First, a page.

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Nazi Ideology and Victims of the Holocaust and Nazi Persecution

Dr. Meinecke spoke to North Carolina teachers at the Museum in November 2002. He presents this material at many of the Museum's teacher training programs on-site and around the nation. In addition to video of the actual workshop session, segments include historical and artifact photographs, text, and links to related sites within the Museum's website.

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Overview

Introduction

Students are often unaware of the magnitude of the Nazis’ intent and their targeting of other groups for racial, ethnic, and political reasons. Dr. Meinecke emphasizes the primacy of the Jews as victims of Nazi terror, discusses Nazi intent, and explains how and why additional groups were targeted.

William Frederick Meinecke, Jr., received his undergraduate degree in German and History from the University of Maryland, Baltimore County, in 1983. He attended the University of Bonn and the Free University in Berlin in Germany and received his M.A. (1988) and also his Ph.D. (1998) in history from the University of Maryland at College Park. In 1992, William joined the staff of the Wexner Learning Center of the United States Holocaust Memorial Museum in Washington, D.C. He was on the design team of the center’s multimedia program on the Holocaust, the Historical Atlas of the Holocaust (book and CD-ROM), and the Student Learning Site web presentation on the Holocaust. In June 2000, William joined the staff of Museum’s Education Division.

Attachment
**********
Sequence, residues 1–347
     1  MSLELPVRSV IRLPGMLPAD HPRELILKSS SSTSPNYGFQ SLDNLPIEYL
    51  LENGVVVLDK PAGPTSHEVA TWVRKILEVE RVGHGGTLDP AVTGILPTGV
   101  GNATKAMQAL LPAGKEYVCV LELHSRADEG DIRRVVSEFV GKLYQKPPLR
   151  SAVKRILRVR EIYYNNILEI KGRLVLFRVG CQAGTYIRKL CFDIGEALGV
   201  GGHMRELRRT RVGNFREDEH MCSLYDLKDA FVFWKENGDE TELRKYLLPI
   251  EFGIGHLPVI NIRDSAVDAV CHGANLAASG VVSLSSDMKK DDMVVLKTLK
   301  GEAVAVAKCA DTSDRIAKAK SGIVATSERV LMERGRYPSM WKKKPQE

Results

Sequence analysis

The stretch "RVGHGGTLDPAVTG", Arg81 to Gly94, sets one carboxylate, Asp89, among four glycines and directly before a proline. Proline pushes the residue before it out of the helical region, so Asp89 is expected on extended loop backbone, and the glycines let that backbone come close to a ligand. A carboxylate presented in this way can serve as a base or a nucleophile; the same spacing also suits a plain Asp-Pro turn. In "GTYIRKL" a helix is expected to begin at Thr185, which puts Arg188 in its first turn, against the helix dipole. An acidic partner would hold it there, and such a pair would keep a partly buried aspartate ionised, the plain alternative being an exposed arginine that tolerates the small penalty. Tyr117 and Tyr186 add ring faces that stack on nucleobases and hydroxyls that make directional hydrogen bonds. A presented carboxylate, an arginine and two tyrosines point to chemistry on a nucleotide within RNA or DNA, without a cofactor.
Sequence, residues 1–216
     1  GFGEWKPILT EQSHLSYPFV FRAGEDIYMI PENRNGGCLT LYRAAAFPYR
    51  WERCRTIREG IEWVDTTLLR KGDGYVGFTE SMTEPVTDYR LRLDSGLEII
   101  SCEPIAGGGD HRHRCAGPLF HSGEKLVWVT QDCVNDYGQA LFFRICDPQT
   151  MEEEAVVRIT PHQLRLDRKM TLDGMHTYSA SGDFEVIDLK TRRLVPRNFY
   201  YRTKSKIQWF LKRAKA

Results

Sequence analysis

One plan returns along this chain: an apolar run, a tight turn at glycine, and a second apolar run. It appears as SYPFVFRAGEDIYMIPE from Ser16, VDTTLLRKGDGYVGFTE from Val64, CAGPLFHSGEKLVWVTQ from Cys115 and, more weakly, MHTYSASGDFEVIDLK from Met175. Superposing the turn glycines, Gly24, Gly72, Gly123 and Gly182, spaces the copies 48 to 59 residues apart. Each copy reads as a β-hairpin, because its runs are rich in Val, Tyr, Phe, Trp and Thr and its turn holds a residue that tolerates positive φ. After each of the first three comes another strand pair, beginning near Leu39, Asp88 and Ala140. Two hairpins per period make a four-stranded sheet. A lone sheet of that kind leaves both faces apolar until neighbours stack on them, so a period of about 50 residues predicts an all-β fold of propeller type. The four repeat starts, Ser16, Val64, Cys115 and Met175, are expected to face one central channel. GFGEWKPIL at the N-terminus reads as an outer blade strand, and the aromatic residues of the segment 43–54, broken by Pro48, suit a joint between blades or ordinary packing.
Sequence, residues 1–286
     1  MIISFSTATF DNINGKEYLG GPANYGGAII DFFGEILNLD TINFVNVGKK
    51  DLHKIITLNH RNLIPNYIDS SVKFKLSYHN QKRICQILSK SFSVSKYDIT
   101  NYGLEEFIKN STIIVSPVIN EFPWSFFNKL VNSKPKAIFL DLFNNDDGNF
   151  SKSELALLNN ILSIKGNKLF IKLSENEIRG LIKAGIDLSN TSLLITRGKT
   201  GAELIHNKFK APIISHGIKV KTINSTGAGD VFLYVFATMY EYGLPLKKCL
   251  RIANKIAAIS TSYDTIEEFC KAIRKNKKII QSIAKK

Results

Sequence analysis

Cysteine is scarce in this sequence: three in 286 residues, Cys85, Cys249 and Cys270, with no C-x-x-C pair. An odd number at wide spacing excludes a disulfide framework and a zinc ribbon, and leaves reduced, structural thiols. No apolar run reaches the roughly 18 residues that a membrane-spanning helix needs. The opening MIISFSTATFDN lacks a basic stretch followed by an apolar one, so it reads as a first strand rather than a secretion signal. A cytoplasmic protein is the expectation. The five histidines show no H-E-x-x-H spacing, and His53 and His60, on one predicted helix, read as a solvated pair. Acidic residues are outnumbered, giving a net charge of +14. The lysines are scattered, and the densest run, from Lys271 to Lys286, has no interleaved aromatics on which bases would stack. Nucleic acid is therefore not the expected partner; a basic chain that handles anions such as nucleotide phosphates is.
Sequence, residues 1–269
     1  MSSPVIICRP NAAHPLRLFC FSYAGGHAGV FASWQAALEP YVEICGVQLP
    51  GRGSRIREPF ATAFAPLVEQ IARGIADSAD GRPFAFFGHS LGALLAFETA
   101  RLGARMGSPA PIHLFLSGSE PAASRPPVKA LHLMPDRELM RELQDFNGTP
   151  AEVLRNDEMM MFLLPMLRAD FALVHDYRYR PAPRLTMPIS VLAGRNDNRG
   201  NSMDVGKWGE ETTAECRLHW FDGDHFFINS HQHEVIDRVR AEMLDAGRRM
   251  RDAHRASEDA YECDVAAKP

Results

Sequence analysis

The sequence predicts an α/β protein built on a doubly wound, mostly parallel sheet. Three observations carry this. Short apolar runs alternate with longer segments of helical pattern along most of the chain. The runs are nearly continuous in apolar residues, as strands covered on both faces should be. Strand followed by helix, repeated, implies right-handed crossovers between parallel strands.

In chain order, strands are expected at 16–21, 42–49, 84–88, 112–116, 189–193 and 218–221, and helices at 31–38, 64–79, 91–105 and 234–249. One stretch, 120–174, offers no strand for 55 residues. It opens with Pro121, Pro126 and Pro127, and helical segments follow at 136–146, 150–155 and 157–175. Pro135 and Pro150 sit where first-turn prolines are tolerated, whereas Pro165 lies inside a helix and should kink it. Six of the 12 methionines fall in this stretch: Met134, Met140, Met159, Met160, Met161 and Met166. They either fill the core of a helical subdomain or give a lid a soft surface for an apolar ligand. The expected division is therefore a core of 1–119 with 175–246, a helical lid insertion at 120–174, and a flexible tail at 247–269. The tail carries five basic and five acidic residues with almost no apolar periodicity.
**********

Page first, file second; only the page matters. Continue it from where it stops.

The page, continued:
Agenda

I. Introduction
Students are often unaware of the magnitude of the Nazis’ intent and their targeting of other groups for racial, ethnic, and political reasons.

II. Nazi Ideology
“It is really important and appropriate ... that we remember that the primary victim of the Holocaust was European Jewry.”

III. The Quest for Racial Purity
“The group that most closely paralled the experience of Jews in Germany.”

IV. The Racial Struggle for Europe
“The Nazi racial vision of the racial value of Poles was very low.”

V. Nazi Ideology and the Persecution of Germans
“... is another group who would otherwise be racially acceptable Germans.”

VI. Conclusion
“You wouldn’t be wrong to say the Nazi state was a racist state.”